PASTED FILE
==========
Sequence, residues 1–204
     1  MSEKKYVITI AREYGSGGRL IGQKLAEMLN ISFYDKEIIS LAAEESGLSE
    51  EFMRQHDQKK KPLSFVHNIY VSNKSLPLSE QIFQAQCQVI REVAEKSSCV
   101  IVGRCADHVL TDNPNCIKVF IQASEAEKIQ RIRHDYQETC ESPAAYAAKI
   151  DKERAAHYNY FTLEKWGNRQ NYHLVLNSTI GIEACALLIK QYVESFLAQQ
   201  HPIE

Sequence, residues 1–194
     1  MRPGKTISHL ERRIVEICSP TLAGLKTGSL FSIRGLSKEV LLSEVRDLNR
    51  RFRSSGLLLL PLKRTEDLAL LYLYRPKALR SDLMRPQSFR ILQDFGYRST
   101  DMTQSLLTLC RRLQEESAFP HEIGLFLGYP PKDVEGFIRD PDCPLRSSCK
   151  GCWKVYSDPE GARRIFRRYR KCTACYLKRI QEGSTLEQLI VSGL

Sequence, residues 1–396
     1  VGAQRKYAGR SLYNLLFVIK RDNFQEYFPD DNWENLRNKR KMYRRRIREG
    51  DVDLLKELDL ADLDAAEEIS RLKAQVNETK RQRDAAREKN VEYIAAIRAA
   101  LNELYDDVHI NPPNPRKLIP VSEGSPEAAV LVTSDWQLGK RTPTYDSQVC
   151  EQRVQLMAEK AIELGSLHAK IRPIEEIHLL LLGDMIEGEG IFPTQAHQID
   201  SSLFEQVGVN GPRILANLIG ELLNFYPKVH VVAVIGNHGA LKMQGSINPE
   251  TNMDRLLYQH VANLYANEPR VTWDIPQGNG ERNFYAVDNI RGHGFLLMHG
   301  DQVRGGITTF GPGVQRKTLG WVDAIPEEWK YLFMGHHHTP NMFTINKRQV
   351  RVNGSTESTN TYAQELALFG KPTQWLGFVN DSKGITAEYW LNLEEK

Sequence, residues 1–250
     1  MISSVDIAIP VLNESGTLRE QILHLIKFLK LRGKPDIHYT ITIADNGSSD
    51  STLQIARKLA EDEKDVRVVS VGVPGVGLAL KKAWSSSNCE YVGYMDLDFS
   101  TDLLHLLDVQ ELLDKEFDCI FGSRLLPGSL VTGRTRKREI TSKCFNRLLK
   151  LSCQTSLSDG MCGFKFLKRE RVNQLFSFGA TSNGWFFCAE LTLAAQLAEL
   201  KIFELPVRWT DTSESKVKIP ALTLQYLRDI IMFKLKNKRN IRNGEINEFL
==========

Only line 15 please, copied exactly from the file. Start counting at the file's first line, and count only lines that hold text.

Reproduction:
   101  LNELYDDVHI NPPNPRKLIP VSEGSPEAAV LVTSDWQLGK RTPTYDSQVC